Do you want people to be able to find your Facebook profile when they Google anything that is in your Facebook profile information? No? I didn’t think so! Turn it off by clicking on the down arrowhead next to “Home” in the upper right of your profile and selecting “Privacy Settings” from the drop-down menu, clicking “Edit Settings” next to “Public Search”, and unchecking the “Enable public search” checkbox.
Facebook isn’t yet selling your name and pictures to advertisers, but they’re thinking about it. You can turn this option off in advance and should do so as I very much doubt that it will be announced very loudly when they do start doing this. To turn this off, click on the down arrowhead next to “Home” in the upper right of your profile and selecting “Account Settings” from the drop-down menu, then click “Facebook Ads” on the left, then click “Edit third party ad settings”, change the drop-down to “No one” and finally click “Save Changes”.
You’ll also want to turn off Facebook’s internal use of your name and profile picture in the ads that only show on Facebook. This is almost the same as the above procedure: click on the down arrowhead next to “Home” in the upper right of your profile and selecting “Account Settings” from the drop-down menu, then click “Facebook Ads” on the left, then click “Edit social ads setting”, change the drop-down to “No one” and finally click “Save Changes”.
There’s some good security settings available for Facebook to help keep your account safe from hackers and phishing. First click on the down arrowhead next to “Home” in the upper right of your profile and selecting “Account Settings” from the drop-down menu, then click “Security” on the left.
From there, you’ll want to edit the following settings:
- Add a security question that Facebook can use to verify your identity, just like a banking website:
Click “Edit” next to “Security Question”, select a question, enter an answer, enter your password and then click “Save Changes”.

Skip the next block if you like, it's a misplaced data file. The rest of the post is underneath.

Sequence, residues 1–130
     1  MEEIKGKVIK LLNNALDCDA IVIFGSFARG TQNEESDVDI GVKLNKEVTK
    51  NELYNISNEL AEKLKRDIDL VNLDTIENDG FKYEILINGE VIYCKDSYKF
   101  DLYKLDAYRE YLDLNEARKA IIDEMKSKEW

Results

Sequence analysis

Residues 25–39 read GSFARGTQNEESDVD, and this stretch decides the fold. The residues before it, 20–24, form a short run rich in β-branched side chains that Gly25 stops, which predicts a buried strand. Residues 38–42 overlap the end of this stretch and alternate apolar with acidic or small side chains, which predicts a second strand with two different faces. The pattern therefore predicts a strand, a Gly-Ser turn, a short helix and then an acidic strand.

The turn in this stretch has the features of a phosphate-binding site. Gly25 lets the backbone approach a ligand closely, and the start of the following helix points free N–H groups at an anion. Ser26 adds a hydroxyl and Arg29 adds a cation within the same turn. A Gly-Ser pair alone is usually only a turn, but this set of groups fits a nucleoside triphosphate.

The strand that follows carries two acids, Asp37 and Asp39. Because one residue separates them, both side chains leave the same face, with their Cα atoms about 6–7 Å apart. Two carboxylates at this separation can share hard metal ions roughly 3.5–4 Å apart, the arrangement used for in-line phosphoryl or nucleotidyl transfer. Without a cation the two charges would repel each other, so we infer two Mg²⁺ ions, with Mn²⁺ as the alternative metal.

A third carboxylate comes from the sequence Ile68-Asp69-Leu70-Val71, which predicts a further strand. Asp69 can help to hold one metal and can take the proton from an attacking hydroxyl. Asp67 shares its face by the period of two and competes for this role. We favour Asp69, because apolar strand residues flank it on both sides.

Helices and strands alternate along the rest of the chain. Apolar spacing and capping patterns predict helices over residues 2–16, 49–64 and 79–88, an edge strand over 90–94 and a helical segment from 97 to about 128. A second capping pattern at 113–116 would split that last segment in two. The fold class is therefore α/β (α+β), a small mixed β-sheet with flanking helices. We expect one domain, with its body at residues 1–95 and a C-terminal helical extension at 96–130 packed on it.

- Force Facebook to use secure browsing (SSL) whenever it can to encrypt any information going over the internet to and from your computer:
Click “Edit” next to “Secure Browsing”, check “Browse Facebook on a secure connection (https) when possible” and then click “Save Changes”.
- If you usually only ever log in from the same computers and mobile devices, it’s a good idea to have Facebook email you if it detects a login from some other machine (like some hacker’s in Russia):
Click “Edit” next to “Login Notifications”, check “Email” and then click “Save Changes”.
- Again, if you usually only ever log in from the same computers and mobile devices, you might want to have Facebook text you a security code before allowing you to log in. However, this does mean letting Facebook have access to your cell phone number, which it may later make available to advertisers and app creators so I personally wouldn’t recommend it.
Click “Edit” next to “Login Approvals”, check “Require me to enter a security code each time an unrecognized computer or device tries to access my account”, set up your mobile phone if you haven’t already, and then click “Save Changes”.
There are a few Facebook security and privacy tools out there that can help you look at your settings and keep your profile safe.
First off is antivirus company Bitdefender’s Safego Facebook app, which scans your account for posts from scammers, profile security breaches, etc. It’s quite handy and effective, but of course no real substitute for using common sense.
Finally there’s Reclaim Privacy‘s Facebook Privacy Scanner browser tool. While it hasn’t yet been completely updated for Facebook’s new Timeline, it still does a good job of sniffing out any settings you might have missed manually checking things over. It takes a while to complete it’s scan, so be patient.
Whew! That’s a lot or work just to read through, much less actually go through and change all those settings! You might want to spread all that out over a few days. You might be tempted to give up and just say “aw, screw it, I’ll be ok – who cares about my information anyway?”
Well, you’d be surprised. The personal information mined from Facebook can be quickly sold to internet advertisers, telemarketers and junk mail advertisers all over. Plus a clever hacker can use that information to guess at answer to bank security questions like your mother’s maiden name or the name of high school you graduated from. All your personal information is pretty valuable in the digital age, so keep it safe!